CLINICAL DRUG TRIALS HOW TO WRITE AND SUBMIT by heatherrhunt

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									     C LI NICAL D RUG T RIALS : H OW              TO   W RITE AND S UBMIT .

Clinical Drug Trials at Sir Charles Gairdner Hospital
At SCGH, Clinical Drug Trials are checked for compliance with NH&MRC
Guidelines on Clinical Research and Guidelines on Good Practice in Clinical
Research in a two-step process. Firstly, the trial comes before Clinical Drug Trials
Committee (CDTC), which is an expert committee of clinicians, clinical researchers,
pharmacist and statistician. CDTC makes a judgment on whether the trial will meet its
scientific objectives and identifies any ethical issues that the analysis reveals. It makes
a recommendation to the Human Research Ethics Committee. The Human Research
Ethics Committee is a representative and expert committee, constituted in compliance
with NH&MRC requirements for an ethics committee. It meets after the CDTC. It
issues the final approval and the chairman signs the Clinical Trial Notification (CTN)
form that is sent to the Therapeutic Goods Administration in Canberra.


CDTC Approval Process
Trials that have clear, achievable and ethical objectives move rapidly through CDTC.
In 1999, the median time from submission to CDTC approval was 15 days and the
minimum time was 6 days. However, a minority of trials go through a very laboured
approval process because their protocols fail to inform CDTC that they are ethical and
have achievable objectives. The CDTC will not recommend approval for a trial that
intends to direct staff time, patient time and resources in pursuit of an uncertain,
unachievable or dubiously ethical objective. CDTC undertakes a structured review of
each protocol and classifies it into one of these five groups:
A. Complies with NH&MRC and Good Practice Standards: approve
B. Complies, but needs assessment by statistician. Approved if statistics & design
   sound.
C. Protocol fails to comply, but only in minor areas. Can be approved subject to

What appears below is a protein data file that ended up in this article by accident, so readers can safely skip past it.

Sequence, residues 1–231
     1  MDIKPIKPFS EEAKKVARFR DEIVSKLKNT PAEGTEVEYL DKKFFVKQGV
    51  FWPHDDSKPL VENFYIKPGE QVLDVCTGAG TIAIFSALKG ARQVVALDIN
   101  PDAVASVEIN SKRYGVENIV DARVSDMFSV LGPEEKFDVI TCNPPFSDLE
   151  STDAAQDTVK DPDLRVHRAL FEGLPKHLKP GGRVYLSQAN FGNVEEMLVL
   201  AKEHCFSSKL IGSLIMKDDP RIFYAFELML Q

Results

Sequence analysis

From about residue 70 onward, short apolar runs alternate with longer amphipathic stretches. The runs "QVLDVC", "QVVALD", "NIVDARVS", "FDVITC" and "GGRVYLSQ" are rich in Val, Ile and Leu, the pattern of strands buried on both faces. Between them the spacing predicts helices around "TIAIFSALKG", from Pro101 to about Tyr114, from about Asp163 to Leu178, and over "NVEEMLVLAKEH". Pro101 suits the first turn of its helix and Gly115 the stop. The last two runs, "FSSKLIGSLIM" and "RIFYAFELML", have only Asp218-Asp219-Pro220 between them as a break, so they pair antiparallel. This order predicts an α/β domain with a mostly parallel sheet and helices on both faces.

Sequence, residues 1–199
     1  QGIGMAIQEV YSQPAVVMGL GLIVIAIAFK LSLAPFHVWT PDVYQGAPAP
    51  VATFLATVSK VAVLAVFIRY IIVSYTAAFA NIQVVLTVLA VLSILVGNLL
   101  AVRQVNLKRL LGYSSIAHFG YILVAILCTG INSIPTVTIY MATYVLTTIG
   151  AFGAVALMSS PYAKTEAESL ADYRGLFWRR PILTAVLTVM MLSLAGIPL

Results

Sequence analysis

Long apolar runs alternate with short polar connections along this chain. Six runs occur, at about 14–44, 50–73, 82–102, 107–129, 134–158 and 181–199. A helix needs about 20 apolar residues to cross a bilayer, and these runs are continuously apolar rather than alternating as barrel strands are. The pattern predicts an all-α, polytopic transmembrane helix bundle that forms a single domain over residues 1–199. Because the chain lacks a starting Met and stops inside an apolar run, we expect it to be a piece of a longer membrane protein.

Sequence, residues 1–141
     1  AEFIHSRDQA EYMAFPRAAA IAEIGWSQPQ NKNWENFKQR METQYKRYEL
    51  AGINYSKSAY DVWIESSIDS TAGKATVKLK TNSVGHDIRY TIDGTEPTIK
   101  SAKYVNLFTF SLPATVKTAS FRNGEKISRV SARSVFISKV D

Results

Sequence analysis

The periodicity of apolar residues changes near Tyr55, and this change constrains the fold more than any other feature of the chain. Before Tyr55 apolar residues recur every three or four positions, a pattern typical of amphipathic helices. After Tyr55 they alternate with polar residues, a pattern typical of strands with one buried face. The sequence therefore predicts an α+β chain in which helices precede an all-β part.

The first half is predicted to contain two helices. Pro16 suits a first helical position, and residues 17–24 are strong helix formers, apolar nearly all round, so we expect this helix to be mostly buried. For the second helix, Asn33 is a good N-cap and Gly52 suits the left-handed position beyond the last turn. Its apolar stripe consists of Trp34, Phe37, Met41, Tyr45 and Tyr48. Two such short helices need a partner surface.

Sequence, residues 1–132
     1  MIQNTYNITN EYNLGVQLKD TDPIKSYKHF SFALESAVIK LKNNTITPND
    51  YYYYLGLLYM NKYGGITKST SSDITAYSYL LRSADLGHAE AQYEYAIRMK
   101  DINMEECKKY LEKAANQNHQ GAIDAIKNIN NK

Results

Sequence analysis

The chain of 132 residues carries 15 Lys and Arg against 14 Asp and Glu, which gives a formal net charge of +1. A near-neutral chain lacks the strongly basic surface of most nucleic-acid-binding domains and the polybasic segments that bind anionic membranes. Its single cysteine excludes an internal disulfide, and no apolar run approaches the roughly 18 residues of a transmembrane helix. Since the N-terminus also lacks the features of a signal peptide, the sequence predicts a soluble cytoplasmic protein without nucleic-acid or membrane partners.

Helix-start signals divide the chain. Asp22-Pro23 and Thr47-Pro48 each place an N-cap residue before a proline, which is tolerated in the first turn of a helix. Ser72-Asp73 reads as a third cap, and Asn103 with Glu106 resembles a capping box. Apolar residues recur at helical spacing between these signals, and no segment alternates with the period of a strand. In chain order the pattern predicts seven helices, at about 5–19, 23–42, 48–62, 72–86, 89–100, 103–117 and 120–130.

satisfactory amendment.
D. Protocol fails to comply, but only in minor areas. Requires circulation and
   discussion in committee.
E. Fails to comply in significant areas, requires general circulation and discussion in
   committee.
F. Submission does not meet basic requirements for evaluation, as set out in Clinical
   Drug Trials Checklist and Protocol Template: to be returned for completion.
The majority of protocols fall into category A. Protocols rated D or E are
discussed in committee. Protocols rated F are returned to the investigator,
without being placed before the full committee.


Resources for Writing and Checking Trials
This Web site provides the following documents, in Word format, so that you can
write protocols that are valid for their purpose or check that other people's protocols
meet requirements:
1) A template for writing a drug trial protocol from scratch. It includes all the
   components that are general to valid trial protocols, and indicates how to
   complete it. It follows the sequence that the committee reviewer uses. There is a
   short instruction document for it, too.
Download: template           for      writing     a     drug     trial     protocol
[CDTC_Protocol_Template.doc]
              instruction document [CDTC_Template_Checklist_Instructions.doc]

2)  A check list that you can compare with a protocol that is already written, to
   ensure that it will comply.
Download: check list [CDTC_Protocol_Checklist.doc]

3) The assessment form that the CDTC reviewers use. This follows the sequence of
   both the template and the check list. It is available in both paper and electronic
   versions
Download: paper version [CDTC_Assessment_paper.doc]
              electronic version [CDTC_Assessment_electronic.doc].

4) This document
Download: this document. [Clinical Drug Trials Website.doc]


Contacts
CDTC Secretary:
       Richard Donnelly,
       Pharmacy Dept, SCGH
       Tel. (08) 9346 4129
       richard.donnelly@health.wa.gov.au

								
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